The wonderfully refreshing approach is reflected in the equally enticing fashions on offer. You can trust in the craftsmanship, Laura’s skill is borne out of her three year apprenticeship with Saville Row, and the clothing’s myriad colours, shapes, textures and prints invoke unparalleled joy to compliment the sound structure of the garments perfectly.

All of The Marcon Court Project’s items are made either by mending or reworking old garments or, in the case of creating new items, by using recycled fabrics and fabric remnants to save them from becoming waste. You may think this means that Laura is limited in what she can create, but you’d be wrong. The Macron Court Project storefront is littered with such a huge array of different clothing styles, from their ‘Harry Shirts’ to the effortlessly cool ‘Anna Dress,’ it’s impossible to highlight a standout piece.

The newest addition to their huge collection of items is the ‘Olivia Dress,’ a bright and bold, leopard print maxi dress. The piece’s silhouette is one favoured by the designer, an oversized design that offers comfort without losing any air of chic thanks to its statement collar and impeccable tailoring. Any item from The Marcon Court Project can be trusted to last a lifetime and look good for all of it too.

Rebekah Peters The Label

Rebekah Peters really does it all when it comes to upcycled fashion. On top of her selection of handmade clothing and accessories, which she crafts by hand in Nottingham out of preloved curtains and bedding, she also offers custom orders and a ‘send in your fabrics’ option where she will make a unique dress from customer’s own curtains, duvet covers or the like.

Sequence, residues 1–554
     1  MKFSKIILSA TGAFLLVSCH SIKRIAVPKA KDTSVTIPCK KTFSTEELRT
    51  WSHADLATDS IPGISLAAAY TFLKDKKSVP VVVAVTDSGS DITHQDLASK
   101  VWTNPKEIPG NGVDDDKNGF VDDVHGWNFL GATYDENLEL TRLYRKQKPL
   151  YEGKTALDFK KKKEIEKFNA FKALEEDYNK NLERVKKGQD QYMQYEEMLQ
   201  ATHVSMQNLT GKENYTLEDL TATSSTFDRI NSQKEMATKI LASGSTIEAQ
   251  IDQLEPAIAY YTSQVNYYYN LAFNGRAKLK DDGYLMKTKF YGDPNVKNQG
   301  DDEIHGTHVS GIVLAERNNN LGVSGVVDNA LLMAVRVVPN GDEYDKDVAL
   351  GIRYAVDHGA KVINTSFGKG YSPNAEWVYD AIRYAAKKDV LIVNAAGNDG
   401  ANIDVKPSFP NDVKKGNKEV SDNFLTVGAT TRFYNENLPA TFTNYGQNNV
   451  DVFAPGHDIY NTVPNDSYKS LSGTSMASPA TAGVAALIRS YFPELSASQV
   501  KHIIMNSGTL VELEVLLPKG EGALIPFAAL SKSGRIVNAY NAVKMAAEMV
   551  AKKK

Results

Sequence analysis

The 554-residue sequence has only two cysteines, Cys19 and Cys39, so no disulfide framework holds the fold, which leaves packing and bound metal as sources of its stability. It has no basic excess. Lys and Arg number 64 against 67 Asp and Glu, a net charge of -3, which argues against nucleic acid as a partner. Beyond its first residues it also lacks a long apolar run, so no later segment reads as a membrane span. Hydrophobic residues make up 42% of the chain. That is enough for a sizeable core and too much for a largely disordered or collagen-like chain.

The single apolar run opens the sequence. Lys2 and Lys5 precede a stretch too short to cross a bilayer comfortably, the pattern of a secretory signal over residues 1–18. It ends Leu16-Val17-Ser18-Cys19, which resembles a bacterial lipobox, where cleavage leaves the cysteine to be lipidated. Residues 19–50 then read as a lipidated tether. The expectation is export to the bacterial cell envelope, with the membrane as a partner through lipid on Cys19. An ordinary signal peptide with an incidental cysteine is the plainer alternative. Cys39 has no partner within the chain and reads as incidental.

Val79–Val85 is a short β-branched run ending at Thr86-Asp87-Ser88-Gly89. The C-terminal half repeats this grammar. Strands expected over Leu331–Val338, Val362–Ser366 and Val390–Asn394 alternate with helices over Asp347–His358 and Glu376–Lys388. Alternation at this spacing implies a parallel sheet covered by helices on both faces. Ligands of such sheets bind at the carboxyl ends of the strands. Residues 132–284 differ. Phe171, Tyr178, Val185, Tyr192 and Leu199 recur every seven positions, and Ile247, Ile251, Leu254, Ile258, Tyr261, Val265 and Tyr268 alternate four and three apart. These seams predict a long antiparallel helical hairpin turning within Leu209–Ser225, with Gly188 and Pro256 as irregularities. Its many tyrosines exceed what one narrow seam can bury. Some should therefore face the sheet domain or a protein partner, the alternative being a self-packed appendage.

Her custom clothing, available in the inclusive size range of UK6-24, is available in four different styles, all of which are then made unique by the customer’s choice of 80 different fabrics, a selection that’s increasing in number as she adds new materials every week. Whether you’re after a pink gingham maxi dress with long, balloon sleeves or a mini wrap dress in an 80s floral print, Rebekah can fulfil your wish.

We especially love the selection of ‘Handmade Reworked Tablecloth Shoulder Bags’ available from Rebekah Peters The Label. Made using, unsurprisingly considering their name, vintage tablecloths, the shoulder bags boast a stunning structure, marked with a unique diagonal frame that sits beautifully across the body. They’re beautiful, kind to the planet, and currently part of Rebekah Peters The Label’s sale - what more do you want?

Chopova Lowena

Chopova Lowena A/W23 Collection

Photo: Chopova Lowena


Chopova Lowena

If you haven’t seen Chopova Lowena on TikTok, your algorithm is failing you. Founded in 2017 by Emma Chopova and Laura Lowena-Irons, the London-based eco-conscious brand has a strong focus on recycling folkloric fabrics, deadstock materials and utilises traditional craft techniques to create their selection of stunning pieces.

The best example is their most viral clothing item, the Mini Carabiner Skirt, which is available in myriad fabrics. This skirt has been worn by everyone from Olivia Rodrigo and Dua Lipa to Lil Nas and Madonna. Everyone loves this skirt and it’s no surprise. The innovative design boasts a thick leather belt onto which pleated deadstock fabric is attached with carabiners. Yes, you heard that right, carabiners. The skirt is the perfect hybrid of Chopova Lowena’s aesthetic influences which range from Bulgarian folklore to 1980s rock climbing, but, taking the biscuit for their most obvious influence is the punk style which can be most obviously seen through their penchant for tartan and leather.

The influence of punk is brought through to the brand’s ethos as well. Raging against the machine, Chopova Lowena prioritises sustainability by using recycled materials and deadstock textiles, most often through the use of preloved pillowcases and aprons. The fashion brand also employs skilled female artisans in Bulgaria to create job opportunities for women that allow them to put their traditional techniques to use on modern items and helps them to rejuvenate and earn a living through their cultural heritage.